Gubernatorial candidate Seth Magaziner visits University
Seth Maganizer, the current General Treasurer of Rhode Island, talks to students about his plans to run for governor. PHOTO CREDIT: James Singer
The current General Treasurer of Rhode Island Seth Magaziner is running as the 2022 Governor of Rhode Island on the foundation of improving education, making the state reliant on fully renewable energy and fostering a state that provides the same opportunities for all.
The Rhode Island native has been the general treasurer of Rhode Island since 2015 and started his career by teaching at an elementary school in Louisiana.
Growing up locally in Bristol, Magaziner attended Brown University and Yale University, earning a degree in both history and business administration. During his time at Brown, he served as the president of College Democrats of Rhode Island and the Brown College Democrats, which is what he said ultimately inspired him to speak to the URI chapter of College Democrats at their “Democracy and Desserts” event on Monday.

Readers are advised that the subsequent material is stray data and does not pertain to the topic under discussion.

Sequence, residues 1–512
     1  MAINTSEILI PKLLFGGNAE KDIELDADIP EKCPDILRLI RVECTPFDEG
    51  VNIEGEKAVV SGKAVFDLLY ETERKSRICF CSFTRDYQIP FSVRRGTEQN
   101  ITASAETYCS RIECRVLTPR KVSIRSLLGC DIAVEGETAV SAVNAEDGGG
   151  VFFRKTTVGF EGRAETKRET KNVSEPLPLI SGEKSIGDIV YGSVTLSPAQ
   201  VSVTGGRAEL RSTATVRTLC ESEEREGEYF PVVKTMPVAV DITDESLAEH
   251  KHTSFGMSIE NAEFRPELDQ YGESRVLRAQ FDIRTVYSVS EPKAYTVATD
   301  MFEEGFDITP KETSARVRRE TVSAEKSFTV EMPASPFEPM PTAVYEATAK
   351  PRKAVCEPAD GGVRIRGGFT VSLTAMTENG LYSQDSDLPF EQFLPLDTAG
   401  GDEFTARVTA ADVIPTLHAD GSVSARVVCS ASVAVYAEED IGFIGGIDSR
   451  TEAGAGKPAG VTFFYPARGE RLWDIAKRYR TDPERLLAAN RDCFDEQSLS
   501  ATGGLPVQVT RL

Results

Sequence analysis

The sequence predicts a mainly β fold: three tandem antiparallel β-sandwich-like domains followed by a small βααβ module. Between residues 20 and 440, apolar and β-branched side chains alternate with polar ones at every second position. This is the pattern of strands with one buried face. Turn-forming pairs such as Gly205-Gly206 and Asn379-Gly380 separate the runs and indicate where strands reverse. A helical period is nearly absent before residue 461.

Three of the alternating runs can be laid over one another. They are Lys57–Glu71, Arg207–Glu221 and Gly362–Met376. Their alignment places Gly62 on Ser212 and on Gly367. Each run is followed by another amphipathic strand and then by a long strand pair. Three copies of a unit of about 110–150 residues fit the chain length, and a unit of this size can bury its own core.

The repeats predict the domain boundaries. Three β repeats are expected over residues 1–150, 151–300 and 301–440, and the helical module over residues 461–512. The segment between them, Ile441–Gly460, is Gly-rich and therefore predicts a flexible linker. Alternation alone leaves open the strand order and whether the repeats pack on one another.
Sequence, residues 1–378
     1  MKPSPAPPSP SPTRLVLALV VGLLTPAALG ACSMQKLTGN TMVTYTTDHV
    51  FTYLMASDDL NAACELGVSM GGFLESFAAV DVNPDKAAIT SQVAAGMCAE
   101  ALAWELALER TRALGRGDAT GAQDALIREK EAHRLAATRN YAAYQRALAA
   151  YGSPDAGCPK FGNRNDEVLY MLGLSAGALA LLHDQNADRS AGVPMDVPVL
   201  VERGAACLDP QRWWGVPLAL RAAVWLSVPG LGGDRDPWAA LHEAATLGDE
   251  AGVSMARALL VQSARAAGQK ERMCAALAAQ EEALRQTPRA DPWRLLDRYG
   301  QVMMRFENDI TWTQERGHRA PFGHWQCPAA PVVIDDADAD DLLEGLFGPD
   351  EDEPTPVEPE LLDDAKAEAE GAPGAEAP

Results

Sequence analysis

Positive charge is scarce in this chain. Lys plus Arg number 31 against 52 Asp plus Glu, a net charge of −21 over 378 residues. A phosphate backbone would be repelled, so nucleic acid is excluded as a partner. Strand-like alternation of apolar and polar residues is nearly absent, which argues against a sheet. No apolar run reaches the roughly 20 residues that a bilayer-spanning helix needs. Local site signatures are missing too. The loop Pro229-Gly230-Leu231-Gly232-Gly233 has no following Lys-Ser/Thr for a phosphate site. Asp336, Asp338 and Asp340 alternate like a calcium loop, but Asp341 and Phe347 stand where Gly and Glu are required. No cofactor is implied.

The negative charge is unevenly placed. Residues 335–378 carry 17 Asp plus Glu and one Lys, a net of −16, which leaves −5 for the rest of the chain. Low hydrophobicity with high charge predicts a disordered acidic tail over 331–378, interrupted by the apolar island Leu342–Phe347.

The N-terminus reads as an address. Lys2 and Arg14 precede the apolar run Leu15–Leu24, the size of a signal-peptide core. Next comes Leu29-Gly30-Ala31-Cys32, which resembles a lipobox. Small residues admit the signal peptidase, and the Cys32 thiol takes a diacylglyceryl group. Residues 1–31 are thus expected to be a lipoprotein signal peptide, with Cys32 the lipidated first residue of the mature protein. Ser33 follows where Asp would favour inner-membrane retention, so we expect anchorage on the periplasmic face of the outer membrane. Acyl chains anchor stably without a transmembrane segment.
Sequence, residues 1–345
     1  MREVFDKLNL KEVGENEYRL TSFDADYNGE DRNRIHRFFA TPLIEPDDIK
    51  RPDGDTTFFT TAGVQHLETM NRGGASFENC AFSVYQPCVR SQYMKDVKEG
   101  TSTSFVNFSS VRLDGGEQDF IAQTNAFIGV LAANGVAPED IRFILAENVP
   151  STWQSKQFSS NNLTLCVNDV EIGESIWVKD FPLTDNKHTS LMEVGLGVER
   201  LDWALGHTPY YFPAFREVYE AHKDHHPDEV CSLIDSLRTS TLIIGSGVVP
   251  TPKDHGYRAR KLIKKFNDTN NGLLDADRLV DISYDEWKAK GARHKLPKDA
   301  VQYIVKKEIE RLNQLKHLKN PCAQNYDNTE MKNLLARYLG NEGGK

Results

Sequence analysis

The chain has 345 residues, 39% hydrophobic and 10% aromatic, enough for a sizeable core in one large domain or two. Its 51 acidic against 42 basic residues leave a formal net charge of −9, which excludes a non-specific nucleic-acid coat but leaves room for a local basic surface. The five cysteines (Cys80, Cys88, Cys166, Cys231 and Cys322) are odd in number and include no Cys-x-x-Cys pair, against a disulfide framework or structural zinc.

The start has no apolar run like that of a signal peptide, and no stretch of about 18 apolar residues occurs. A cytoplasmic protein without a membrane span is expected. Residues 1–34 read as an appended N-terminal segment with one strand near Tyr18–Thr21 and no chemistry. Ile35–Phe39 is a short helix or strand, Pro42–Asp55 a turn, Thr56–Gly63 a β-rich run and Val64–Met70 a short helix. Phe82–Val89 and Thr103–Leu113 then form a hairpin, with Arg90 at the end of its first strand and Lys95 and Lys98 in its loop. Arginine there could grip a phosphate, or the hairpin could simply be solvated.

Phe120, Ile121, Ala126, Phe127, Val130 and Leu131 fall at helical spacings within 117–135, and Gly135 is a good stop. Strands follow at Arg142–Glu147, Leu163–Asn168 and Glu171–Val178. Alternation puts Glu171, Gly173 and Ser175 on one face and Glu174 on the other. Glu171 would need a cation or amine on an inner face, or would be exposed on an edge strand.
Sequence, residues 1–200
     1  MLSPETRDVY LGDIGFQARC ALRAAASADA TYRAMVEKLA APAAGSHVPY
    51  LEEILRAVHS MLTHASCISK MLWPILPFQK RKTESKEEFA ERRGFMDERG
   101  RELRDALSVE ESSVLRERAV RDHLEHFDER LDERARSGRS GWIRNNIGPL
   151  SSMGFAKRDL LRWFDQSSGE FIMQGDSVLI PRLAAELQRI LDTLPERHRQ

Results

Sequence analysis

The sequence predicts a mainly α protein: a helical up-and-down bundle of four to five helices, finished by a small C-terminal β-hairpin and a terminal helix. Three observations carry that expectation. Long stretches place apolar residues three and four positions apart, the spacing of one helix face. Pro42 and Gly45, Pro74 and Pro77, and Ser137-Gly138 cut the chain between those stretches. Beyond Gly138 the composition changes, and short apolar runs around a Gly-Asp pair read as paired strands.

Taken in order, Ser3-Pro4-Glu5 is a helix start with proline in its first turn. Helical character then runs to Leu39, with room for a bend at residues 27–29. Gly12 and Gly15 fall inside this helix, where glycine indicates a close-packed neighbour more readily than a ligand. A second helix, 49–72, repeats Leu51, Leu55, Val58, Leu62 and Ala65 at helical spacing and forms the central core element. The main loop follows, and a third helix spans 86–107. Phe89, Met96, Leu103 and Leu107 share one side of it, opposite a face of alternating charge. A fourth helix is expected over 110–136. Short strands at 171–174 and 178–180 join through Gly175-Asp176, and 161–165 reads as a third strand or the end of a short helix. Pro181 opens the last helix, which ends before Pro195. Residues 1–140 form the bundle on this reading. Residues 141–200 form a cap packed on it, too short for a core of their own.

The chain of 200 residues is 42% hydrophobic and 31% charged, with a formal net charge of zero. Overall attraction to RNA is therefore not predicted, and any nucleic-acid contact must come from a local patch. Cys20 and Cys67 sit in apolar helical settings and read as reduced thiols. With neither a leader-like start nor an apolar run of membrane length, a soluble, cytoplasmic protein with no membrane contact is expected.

After serving as treasurer for the past seven years, dipping his toes into politics, Magaziner said he is looking to become governor to provide Rhode Islanders with equal opportunity to “the American Dream.” He wants citizens to have access to economic mobility and the funds to create their own businesses.
He said that his grandparents were born into low-income immigrant families during the Great Depression. Despite hardships, they were able to get good jobs and provide for their families after the war.
Now, however, he believes that Americans don’t have the same type of economic mobility that allowed his family to thrive, leaving many working-class citizens today without hope.
“People are working harder and harder, working multiple jobs and having a hard time just keeping up with the cost of life,” he said. “We also have to call to the fact that for many Americans, particularly in communities of color, the American Dream never fully existed, to begin with. So to me, it is all about restoring it and making it accessible and universal to everyone.”